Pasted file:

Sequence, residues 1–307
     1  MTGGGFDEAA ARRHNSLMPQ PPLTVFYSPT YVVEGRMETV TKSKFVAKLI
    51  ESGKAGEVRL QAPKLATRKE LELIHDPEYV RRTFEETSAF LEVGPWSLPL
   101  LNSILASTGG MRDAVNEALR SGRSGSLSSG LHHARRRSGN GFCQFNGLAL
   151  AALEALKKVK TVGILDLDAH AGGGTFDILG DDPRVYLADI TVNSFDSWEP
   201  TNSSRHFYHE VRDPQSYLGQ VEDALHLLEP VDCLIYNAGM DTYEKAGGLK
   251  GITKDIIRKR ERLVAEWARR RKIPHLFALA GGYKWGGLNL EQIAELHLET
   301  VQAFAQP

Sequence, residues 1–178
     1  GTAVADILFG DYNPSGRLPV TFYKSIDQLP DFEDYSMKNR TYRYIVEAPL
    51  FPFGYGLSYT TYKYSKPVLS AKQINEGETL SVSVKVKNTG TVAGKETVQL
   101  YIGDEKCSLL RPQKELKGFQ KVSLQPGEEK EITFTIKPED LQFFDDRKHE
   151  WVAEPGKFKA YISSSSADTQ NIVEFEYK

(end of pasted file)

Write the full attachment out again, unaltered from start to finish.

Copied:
Sequence, residues 1–307
     1  MTGGGFDEAA ARRHNSLMPQ PPLTVFYSPT YVVEGRMETV TKSKFVAKLI
    51  ESGKAGEVRL QAPKLATRKE LELIHDPEYV RRTFEETSAF LEVGPWSLPL
   101  LNSILASTGG MRDAVNEALR SGRSGSLSSG LHHARRRSGN GFCQFNGLAL
   151  AALEALKKVK TVGILDLDAH AGGGTFDILG DDPRVYLADI TVNSFDSWEP
   201  TNSSRHFYHE VRDPQSYLGQ VEDALHLLEP VDCLIYNAGM DTYEKAGGLK
   251  GITKDIIRKR ERLVAEWARR RKIPHLFALA GGYKWGGLNL EQIAELHLET
   301  VQAFAQP

Sequence, residues 1–178
     1  GTAVADILFG DYNPSGRLPV TFYKSIDQLP DFEDYSMKNR TYRYIVEAPL
    51  FPFGYGLSYT TYKYSKPVLS AKQINEGETL SVSVKVKNTG TVAGKETVQL
   101  YIGDEKCSLL RPQKELKGFQ KVSLQPGEEK EITFTIKPED LQFFDDRKHE
   151  WVAEPGKFKA YISSSSADTQ NIVEFEYK